Emmanuel Macron’s Europe minister Clément Beaune is fast gaining a reputation for bashing all things British. ‘Stop telling us you do not need us anymore, stop being obsessed with us, stop believing we will solve your problems,’ he raged recently. ‘They made a mess of Brexit. It’s their choice and their failure, not ours.’
Beaune’s boss has much the same mindset: five years after Brexit, Macron is still in a sulk. ‘The Brexit campaign was made up of lies, exaggerations and simplifications,’ he told France in a New Year’s address last year. ‘We must remember at every moment what lies can lead to in our democracies.’ This from the president who, in July, broke a solemn vow to his people that he would not introduce vaccine passports.
It’s no coincidence that both Macron and Beaune are Enarques, graduates of the Ecole National Administration, or ENA, the finishing school for French technocrats. Macron’s predecessor, François Hollande, is a graduate. Prime minister Jean Castex also went there, as did his predecessor Édouard Philippe. So, too, did defence minister Florence Parly and finance minister Bruno Le Maire.
Beaune is a relatively young man. He was ten when, in 1991, ENA relocated from Paris to Strasbourg. It was a symbolic gesture by François Mitterrand’s socialist government. With the fall of the Berlin Wall and ever closer European union it was felt that moving ENA close to the Franco-German border – to the city that is home to the EU parliament – would send a strong message: from now on, the brains of the Republic will be formed not just with the future of France in mind but also that of Europe.
Beaune’s Brit bashing appears to be motivated by this perspective forged at the ENA: he sees himself, not just as a Frenchman, but as a European eager to rebuke perfidious Albion for its temerity to leave the EU.
One of the characteristics of Enarques is insufferable arrogance. It is why all too often they are despised by their own people. They are aware of this loathing; indeed, in April, Macron even announced the closure of ENA. But rest assured it will re-emerge in another form. After all, technocrats are the very essence of France, like cheese, wine and angry farmers.
Enarques apart, the French are broadly fond of the British. We remain endearingly eccentric. As a Brit living in France, I’ve never experienced any animosity about Brexit, fishing or submarines. I’ve never been harangued by a taxi driver or reproached by a fishmonger. I’ve had French people express their regret at Britain’s departure from the EU, but this has always been tinged with understanding and sometimes envy.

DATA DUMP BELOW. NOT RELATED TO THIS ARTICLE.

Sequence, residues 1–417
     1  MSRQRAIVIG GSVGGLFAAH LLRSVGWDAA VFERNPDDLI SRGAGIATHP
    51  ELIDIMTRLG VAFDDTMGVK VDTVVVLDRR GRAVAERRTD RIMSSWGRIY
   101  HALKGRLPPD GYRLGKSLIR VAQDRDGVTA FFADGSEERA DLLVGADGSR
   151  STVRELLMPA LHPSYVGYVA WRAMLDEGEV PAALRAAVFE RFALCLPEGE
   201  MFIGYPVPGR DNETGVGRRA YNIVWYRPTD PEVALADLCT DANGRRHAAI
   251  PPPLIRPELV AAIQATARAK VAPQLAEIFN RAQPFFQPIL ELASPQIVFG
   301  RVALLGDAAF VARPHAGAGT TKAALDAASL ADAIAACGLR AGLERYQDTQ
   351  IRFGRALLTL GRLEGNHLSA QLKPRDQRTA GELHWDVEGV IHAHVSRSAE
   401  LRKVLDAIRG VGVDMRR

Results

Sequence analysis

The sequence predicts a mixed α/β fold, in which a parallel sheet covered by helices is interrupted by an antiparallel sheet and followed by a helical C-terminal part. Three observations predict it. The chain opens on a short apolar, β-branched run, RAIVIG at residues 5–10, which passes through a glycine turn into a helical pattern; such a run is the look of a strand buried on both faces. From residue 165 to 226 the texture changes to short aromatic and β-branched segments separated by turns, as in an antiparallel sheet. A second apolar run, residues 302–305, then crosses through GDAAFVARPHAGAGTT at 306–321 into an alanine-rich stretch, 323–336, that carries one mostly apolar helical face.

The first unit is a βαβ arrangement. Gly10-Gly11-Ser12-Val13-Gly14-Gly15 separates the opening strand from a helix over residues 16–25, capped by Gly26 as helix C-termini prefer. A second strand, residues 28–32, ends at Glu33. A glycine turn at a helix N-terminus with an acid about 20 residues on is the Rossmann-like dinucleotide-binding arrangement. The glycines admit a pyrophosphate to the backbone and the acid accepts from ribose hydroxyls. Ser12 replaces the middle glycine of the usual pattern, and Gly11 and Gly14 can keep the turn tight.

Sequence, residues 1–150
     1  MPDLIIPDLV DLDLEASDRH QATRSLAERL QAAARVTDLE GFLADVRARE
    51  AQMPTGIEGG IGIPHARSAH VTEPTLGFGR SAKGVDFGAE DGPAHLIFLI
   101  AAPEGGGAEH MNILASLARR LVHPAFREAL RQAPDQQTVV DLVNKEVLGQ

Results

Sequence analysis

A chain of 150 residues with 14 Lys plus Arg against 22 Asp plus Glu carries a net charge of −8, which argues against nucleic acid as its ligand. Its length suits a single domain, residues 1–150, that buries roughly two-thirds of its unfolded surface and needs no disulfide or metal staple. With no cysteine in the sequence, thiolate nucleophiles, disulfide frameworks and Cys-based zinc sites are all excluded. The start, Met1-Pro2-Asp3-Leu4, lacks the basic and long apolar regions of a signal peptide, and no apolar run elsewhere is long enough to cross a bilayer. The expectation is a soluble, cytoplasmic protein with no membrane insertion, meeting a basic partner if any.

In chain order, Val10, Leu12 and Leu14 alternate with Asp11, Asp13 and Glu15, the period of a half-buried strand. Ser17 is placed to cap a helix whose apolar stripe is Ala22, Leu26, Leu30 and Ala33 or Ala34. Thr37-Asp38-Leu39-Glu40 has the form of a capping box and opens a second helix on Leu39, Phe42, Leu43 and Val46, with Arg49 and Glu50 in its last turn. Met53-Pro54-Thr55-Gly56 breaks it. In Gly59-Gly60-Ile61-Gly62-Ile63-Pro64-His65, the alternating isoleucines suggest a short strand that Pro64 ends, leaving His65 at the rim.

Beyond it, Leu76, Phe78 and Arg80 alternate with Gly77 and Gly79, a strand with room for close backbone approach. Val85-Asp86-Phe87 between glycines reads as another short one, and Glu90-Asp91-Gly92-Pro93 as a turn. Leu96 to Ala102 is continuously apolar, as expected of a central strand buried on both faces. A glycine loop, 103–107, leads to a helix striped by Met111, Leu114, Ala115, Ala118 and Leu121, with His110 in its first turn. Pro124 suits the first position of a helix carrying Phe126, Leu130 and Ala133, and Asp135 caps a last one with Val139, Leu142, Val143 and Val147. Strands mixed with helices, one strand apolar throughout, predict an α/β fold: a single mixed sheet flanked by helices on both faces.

If Macron thinks bashing Britain will win him some votes he is mistaken. His Anglophobia is not shared by his people. His obsession is a reflection of how little he and his ENA-run government know their country that they think there might be mileage in maligning Britain.
But there is one European nation that might prove a profitable line of attack for the president as he hits the campaign trail ahead of next year’s election: Germany. While Britain continues to delude itself that it has a ‘special relationship’ with the United States, the same can be said of France’s infatuation with Germany; they remain fully committed but their partner has been cruelly exploiting their neediness for years.
The French media is aware of this relationship imbalance. Earlier this year, current affairs magazine Marianne devoted an issue to how Germany has taken economic advantage of France over the decades. Last month, another weekly, Le Point, published an op-ed declaring it was time France took back control from Germany and ended the ‘illusion in the Franco-German couple, (a couple only France believes in) and the neurotic fascination of the French elite for Germany’.
It cited many examples of what it called Germany’s ‘strictly selfish politics’, including their torpedoing in 2012 of the $45 billion (£40 billion) merger between EADS, Europe’s largest aerospace company, and Britain’s BAE Systems that would have created an aerospace and defence group to rival Boeing. France supported the merger but it was overruled by its EADS co-partner because Angela Merkel considered it would be bad for German industry. On that occasion there was no tantrum from France, unlike Macron’s response to last month’s AUKUS defence deal.
Earlier this week, Macron announced a €30 billion (£25 billion) investment plan to transform France into a global innovation leader by 2030. It was typical Macron: full of bold visions and confident claims. But if he is serious about ‘re-industrialising’ his country he will first have to end France’s one-sided relationship with Germany.
In a radio interview last week to promote his new book, French energy expert Fabien Bouglé accused Germany – the only European nation among the ten biggest carbon polluters – of ‘waging an economic war to control our energy system’. Their strategy is to diminish France’s reliance on nuclear energy. Germany has already sold France a great many wind turbines, which they don’t really need, and now it wants France to pipe in gas from Russia’s Nord-Stream 2 to complement the unreliable wind energy.
Will Macron muster the courage to stand up to the Chancellor? It’s unlikely. He was groomed in the groupthink of ENA where graduates believe Germany is only a force for good in Europe. Brexit Britain, on the other hand, will always be the baddie.
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